WNBA at 10: Ranking the Moments
Having learned a box with Saturday's story listing the Guru's choices of key people, places, events in the WNBA had hit the cutting room floor, as another reader service, here is it is.
Noting The WNBA
Philadelphia Inquirer staff writer Mel Greenberg, who has covered the WNBA since its inception, ranks the most noteworthy players, teams, and events of the league’s first decade.
1. 2000 WNBA Finals. _ The New York Liberty’s Teresa Weatherspoon hits a mid-court shot as time expires, to extend Houston to a third and final game won by the Comets. The shot created a buzz in the sports world as replays of it were televised the over next several days.
2. The 1999 draft in New York City. _ Tennessee’s Chamique Holdsclaw was taken No. 1 by the Washington Mystics. But the arrival of former ABL stars from the rival and defunct league meant the WNBA could move forward to create the best women’s basketball product.
3. Cynthia Cooper. _ Having played in the shadow of Cheryl Miller at Southern Cal in the mid-1980s, Cooper becomes the first dominate player leading the Houston Comets to the first four WNBA titles, winning the MVP award in each playoff.
4. 2003 Detroit Shock. _ Having the worst record the previous season, Detroit under former NBA Pistons “Bad Boy” Bill Laimbeer surges to the WNBA title winning the last two of a best-of-three series with Los Angeles at the Palace before crowds of 17,846, and 22,076.
5. The 1999 All-Star Game in New York City. _ A sellout crowd of 18,649 persons see the WNBA add the one element it lacked from the previous rival-ABL.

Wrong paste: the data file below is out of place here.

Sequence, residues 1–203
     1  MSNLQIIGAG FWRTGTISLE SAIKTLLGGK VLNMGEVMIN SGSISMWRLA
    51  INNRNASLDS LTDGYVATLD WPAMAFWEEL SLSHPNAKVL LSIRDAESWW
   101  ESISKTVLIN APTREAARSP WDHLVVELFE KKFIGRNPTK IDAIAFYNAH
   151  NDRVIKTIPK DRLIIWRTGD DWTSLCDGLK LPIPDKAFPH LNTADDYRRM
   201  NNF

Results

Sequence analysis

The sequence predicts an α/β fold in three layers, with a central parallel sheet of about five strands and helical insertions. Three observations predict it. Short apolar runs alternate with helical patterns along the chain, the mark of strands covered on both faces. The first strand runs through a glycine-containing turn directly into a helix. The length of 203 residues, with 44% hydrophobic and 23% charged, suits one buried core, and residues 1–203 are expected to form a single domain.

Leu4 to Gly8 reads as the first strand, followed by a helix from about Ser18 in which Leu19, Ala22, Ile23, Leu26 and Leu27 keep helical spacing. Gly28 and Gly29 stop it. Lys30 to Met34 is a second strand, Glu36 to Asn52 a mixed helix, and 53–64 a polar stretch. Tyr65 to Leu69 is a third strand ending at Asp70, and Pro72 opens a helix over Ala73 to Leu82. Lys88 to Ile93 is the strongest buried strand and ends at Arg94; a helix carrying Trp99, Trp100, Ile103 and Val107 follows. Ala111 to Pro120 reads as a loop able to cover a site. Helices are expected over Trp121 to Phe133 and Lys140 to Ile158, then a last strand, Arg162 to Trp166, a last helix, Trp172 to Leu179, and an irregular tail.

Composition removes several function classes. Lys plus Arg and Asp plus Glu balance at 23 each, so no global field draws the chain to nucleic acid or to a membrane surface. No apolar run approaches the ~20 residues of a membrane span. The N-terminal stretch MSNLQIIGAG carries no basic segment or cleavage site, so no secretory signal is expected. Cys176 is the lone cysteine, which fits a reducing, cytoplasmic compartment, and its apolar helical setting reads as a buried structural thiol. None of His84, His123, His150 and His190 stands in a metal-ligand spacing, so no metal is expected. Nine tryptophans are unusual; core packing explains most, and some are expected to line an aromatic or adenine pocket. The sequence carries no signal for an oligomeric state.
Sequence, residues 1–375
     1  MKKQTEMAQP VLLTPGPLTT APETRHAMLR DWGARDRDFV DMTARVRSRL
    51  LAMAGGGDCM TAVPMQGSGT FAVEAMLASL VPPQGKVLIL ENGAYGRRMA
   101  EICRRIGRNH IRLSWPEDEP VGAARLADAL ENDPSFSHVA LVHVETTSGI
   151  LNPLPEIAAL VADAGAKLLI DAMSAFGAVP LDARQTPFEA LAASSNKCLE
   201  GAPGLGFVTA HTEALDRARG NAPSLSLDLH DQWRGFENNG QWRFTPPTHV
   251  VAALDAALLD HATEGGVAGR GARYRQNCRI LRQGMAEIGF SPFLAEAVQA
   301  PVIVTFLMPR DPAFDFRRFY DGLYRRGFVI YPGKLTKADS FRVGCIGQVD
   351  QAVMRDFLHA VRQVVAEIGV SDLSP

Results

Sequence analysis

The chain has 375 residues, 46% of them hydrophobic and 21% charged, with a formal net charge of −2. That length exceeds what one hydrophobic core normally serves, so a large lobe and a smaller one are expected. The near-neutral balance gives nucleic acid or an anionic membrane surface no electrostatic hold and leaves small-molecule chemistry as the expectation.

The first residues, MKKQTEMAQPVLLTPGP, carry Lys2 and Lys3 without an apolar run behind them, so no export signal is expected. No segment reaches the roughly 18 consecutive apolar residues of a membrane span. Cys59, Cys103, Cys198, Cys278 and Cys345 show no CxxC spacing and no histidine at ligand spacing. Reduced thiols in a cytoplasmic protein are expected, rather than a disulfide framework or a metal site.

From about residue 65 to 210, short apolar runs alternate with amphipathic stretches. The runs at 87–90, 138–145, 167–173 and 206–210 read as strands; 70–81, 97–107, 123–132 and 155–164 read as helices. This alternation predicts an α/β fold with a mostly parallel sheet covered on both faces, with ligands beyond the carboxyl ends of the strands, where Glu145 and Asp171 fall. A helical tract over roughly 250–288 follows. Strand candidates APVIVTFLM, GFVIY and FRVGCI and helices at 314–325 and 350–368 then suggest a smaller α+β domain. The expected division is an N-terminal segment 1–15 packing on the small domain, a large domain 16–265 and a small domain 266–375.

6. 2002 WNBA Finals. _ Los Angeles Sparks rookie Nikki Teasley hits a three-pointer at the buzzer to complete a 2-0 sweep over New York in the championship series.
7. The Mohegan Indian Tribe. _ The group in 2003 becomes the first WNBA owners unaffiliated with an NBA team and bring a franchise to Connecticut to compete at home in a casino complex.
8. 2001 Charlotte Sting. _ Under coach Anne Donovan and veteran guard Dawn Staley, the team overcomes a 1-10 start and eventually overcomes a 1-0 playoff deficit to win two games in New York and capture the Eastern Conference title.
9. 1998 WNBA Finals. _ Houston rallies from a 13-point, second-half deficit to beat Phoenix at home in overtime, evening the best-of-three series, and eventually winning its second title.
10. Val Ackerman. _ Having come over from the NBA side as a staff assistant to commissioner David Stern, the native of Hopewell, N.J., takes command of the league and steers it through good and bad times to help it reach today’s 10th anniversary season.
— Mel Greenberg